Barfield's abiding passion for the Romantic movement
in literature and philosophy dates back at least as early as his Oxford
days prior to World War I. Most interested in the work of the German romantic
and the Englishman Samuel Taylor Coleridge
(about whom he wrote a book--What Coleridge Thought--as well as
his writings contain numerous references as well to most of the other major
British romantics and to the German romantic philosophers as well (especially Schelling).
For Barfield, Romanticism represents a rebirth
of the "perennial philosophy" (Huxley), of ideas that had Oriental equivalents2
and had been around in the West since the ancient Greeks,
as he made clear as early as History in English Words.
But Romanticism gave these ideas a new, more "natural"
emphasis; indeed, Romanticism equated imagination and nature.
Slowly the divers of the Romantic
expedition brought up to the surface of consciousness that vast new cosmos
which had so long been blindly forming in the depths. It was a cosmos in
which the spirit and spontaneity of life had moved out of Nature and into
man. The magic of Persia, the Muses of Greece, the witches and fairies
and charms and enchantments or Romance--all these had been locked safely
in man's bosom, there to sleep until the trumpet of Romanticism sounded
its call to imagination to give back their teeming life to Nature. . .
. this re-animation of Nature was
possible because the imagination
was felt as creative in the full religious sense of the word. It had itself
assisted in creating the natural forms which the senses were now contemplating.
It had moved upon the face of the waters. For it was the "repetition in
the finite mind of the eternal act of creation"--the Word made human. (212)
Barfield chose to call a collection of occasional
writings and lectures published during World War II (his first published
book since Poetic Diction ) Romanticism Comes of Age--a
title which referred to a central Barfield thesis: that the thought of Rudolf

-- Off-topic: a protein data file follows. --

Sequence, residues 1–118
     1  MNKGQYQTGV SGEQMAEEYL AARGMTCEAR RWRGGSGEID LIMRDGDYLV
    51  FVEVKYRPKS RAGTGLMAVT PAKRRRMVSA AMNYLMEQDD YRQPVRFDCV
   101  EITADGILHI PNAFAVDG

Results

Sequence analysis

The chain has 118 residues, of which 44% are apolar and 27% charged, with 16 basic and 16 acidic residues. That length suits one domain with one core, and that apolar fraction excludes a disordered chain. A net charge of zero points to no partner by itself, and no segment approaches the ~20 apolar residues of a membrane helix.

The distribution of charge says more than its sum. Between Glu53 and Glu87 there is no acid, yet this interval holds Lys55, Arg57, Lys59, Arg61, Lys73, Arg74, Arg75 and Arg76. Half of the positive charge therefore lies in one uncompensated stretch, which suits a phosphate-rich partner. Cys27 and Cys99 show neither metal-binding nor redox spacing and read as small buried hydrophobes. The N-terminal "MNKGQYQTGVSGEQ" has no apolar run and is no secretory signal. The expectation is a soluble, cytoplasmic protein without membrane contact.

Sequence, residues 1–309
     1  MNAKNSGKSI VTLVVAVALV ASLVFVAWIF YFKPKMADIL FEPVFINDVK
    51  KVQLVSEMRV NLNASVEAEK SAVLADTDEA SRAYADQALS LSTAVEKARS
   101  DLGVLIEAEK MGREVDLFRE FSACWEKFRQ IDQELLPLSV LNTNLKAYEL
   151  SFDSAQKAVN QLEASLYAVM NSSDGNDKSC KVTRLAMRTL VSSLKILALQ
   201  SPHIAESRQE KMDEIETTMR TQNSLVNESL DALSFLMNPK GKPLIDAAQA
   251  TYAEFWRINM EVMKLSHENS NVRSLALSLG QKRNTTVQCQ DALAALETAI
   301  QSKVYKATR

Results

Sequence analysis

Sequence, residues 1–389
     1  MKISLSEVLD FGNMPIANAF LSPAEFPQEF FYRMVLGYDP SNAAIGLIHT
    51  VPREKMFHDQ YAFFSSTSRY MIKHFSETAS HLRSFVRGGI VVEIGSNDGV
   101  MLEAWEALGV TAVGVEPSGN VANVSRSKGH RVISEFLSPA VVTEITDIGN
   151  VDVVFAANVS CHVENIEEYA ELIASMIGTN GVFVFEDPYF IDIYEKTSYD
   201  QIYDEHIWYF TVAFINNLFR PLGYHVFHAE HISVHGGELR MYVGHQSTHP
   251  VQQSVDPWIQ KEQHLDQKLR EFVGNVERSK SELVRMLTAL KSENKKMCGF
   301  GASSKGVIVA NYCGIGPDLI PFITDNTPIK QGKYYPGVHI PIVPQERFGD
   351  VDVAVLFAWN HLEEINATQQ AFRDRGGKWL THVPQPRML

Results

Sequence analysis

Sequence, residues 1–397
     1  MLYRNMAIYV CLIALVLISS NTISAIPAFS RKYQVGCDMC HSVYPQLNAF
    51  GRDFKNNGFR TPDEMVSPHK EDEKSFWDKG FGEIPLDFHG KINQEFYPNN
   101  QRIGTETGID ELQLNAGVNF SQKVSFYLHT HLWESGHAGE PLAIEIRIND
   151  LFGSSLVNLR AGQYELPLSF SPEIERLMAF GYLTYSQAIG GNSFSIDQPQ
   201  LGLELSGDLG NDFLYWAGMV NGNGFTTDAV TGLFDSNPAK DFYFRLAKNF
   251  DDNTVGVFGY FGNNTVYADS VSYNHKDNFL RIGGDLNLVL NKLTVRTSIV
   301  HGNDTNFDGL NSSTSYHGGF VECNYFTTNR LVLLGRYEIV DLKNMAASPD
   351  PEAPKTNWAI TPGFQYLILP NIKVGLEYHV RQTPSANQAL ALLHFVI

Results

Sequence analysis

could become, if accepted and fully realized, the mature fruition of Romantic
thought. This thesis is developed in the three representative passages
quoted below, all from
Romanticism Comes of Age:
For there is no doubt [for the Romantics]
about where the life in an invented or fictitious image comes from. There
can be no "pathetic fallacy" there,3
What is peculiar to the Romantic Movement--as, indeed, its very name recalls--is
the further reaction of this enthusiasm for fictitious and fabulous representations
on the phenomena--on Nature herself. This is also what took the Romantic
conception of art, properly understood, a step beyond the Neo-Platonic
theory. . . . The Neo-Platonic theory holds that man the artist is, in
some measure, a creator. The Romantic conception agrees--but goes further
and returns him, in this capacity, to Nature herself. (SA 129)
Twenty three years later, Barfield seemed less
optimistic that Romanticism had, in fact, grown up. In Saving the Appearances
he seems to have less faith that his prediction will come true: "The tremendous
impulse underlying the Romantic movement has never grown to maturity;"
he concedes there, "and after adolescence, the alternative to maturity
is puerility" (130-31).
A young man may be considered as fully come of
age only when he has discovered two things: firstly his identity and secondly
his vocation. . . . the young man called the Romantic Impulse appears to
have gone a long way . . . toward discovering his identity, but . . . I
see little sign as yet of his having discovered his vocation. (22)
To make Romanticism into a self-sufficient organic
being, able to stand on its own legs and face the rest of the world, there
ought to have been added to the new concept, beauty, the renewed conception
of freedom, a new idea also of the nature of truth. (28)
In the legend of Parsifal
tragic consequences follow the failure of the hero to ask the crucial question
at the crucial moment. The question he should have asked when he saw the
Holy Grail was "Of what is it served?" The same question should have been
asked by the Romantic Movement, when it saw the visionary Grail of the
human imagination. But it was not asked . . . except by Coleridge.
. . . And in the state of Romanticism, as it exists today, we see the tragic
consequences that followed. The charm faded. The mirror cracked from side
to side. Just as Coleridge, who had indeed had a vision of imagination
as the vessel by which the divinity passes down into humanity--just as
he fell back from this kind of imagination into the fantastic dreams of
the opium slave; so the metaphysic of Romanticism has gradually fallen
sick, lost faith in itself. Imagination is still accepted, but it is accepted
for the most part as a kind of conscious make-believe or personal masquerade.
|See in particular
What Coleridge Thought,
Comes of Age,
likewise editor of a volume--Coleridge's philosophical letters--in the
still-yet-to-be-published definitive edition of Coleridge's collected writings.
imagination, Barfield concedes, "represents "the emergence in the West
. . . of an experience which the East had cultivated for ages" (quoted
in BAR 18).
post-Romantic, Victorian-era term, coined to expose and condemn the tendency
to project human emotions into nature.